Many modern Americans feel traumatized by the deep political divisions that have seemed to paralyze the government, one of the country’s most prominent historians told a Statehouse audience Tuesday.

But if one looks at the lives of the presidents who saw the United States through previous crises, it might offer some comfort, Doris Kearns Goodwin said. In fact, Goodwin sees signs that change is coming.

Goodwin was making her fourth visit to the Statehouse, this time to kick off a three-year lecture series called Capital Square Conversations. The event was put on by the Capitol Square Foundation and sponsored in part by American Electric Power.

Goodwin has written books about Abraham Lincoln, Theodore Roosevelt, Franklin Roosevelt and Lyndon Johnson. She drew from those in writing her most recent book, “Leadership: In Turbulent Times,” which asks what in those presidents’ backgrounds prepared them for the crises they faced. And she reminded the audience that those crises in some ways dwarf those of the present.

“Clearly, these are not the worst of times,” Goodwin said. “We have been through far more troubling times before. Just imagine what it was like for Abraham Lincoln. He took office when the country was already split in two, a civil war that would leave 600,000 dead was about to begin. He later said if he had known what he would face during his first months in office, he would not have thought he could have lived through it.”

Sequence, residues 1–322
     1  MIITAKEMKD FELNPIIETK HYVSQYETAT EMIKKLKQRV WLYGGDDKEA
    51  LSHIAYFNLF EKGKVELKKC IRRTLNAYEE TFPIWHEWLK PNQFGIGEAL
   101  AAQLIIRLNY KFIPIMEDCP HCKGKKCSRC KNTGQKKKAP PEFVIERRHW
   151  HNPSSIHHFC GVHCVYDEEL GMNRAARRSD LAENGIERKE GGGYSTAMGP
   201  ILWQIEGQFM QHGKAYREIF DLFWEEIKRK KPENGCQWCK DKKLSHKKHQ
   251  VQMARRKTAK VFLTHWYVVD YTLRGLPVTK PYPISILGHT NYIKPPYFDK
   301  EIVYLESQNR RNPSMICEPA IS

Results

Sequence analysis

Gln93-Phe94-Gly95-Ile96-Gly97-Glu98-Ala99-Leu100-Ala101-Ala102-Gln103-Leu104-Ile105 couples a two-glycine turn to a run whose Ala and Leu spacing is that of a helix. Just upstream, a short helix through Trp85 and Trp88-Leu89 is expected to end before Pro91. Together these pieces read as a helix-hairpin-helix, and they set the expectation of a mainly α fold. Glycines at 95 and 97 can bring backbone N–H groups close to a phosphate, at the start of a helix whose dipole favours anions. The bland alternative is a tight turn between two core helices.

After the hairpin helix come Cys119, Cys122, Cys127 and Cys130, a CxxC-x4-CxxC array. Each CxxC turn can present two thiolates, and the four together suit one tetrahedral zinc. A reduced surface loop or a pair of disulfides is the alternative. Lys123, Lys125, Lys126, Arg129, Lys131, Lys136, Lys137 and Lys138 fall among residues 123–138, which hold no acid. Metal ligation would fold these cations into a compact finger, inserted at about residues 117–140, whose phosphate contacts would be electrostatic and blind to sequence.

Goodwin said Theodore Roosevelt, who was thrust into the presidency in 1901, faced challenges that in many ways prefigure those of today. The country was trying to come to grips with the Industrial Revolution, big companies were swallowing up small ones and rural and urban Americans were badly estranged.

“There were anarchist bombings, the gap between the rich and the poor, nationwide strikes,” she said. “Everything seemed as if democracy itself was at stake.”

FDR led the country through the Great Depression and World War II, and Goodwin said the powers of empathy that he learned from being struck down by polio at age 39 assisted him greatly. “He said you learn humility from such experiences,” Goodwin said, describing how Roosevelt had to be lifted daily from his wheelchair to exercise his upper body.

The same sense of empathy animated LBJ, for whom Goodwin worked as a White House fellow and helped with his memoirs until the end of his life.

“The older I’ve gotten, the more I realize how incredibly privileged I was to have spent so many hours with this aging lion of a man; the victor of a thousand contests domestically, and yet roundly defeated in the end by the war in Vietnam,” she said.

Meeting with reporters before her talk, Goodwin joked that the advantage of being a historian is that when she goes on TV she gets to talk about presidents past, so she usually doesn’t have to talk about Donald Trump, who is a master of keeping the spotlight on himself.

But when asked about Trump, Goodwin described Teddy Roosevelt’s work to bring the country together in the face of challenges similar to today’s.

“He said whenever you feel like people from another region are ‘the other,’ that’s when democracy would founder,” she said. “I think what’s been the problem (with Trump) is you want a president to expand the base, to go around the country and make their message go to other people. And so far, it’s been more a sense of keeping the base that’s already there.”

She said, however, that change may be coming.

“I think there’s such a desire on people’s part to somehow heal the divisions, and if the people get active … What was encouraging to me about the midterms was more people voting than ever before, more women getting into office, more (military) veterans in Congress,” Goodwin said. “Political reform is in the air.”


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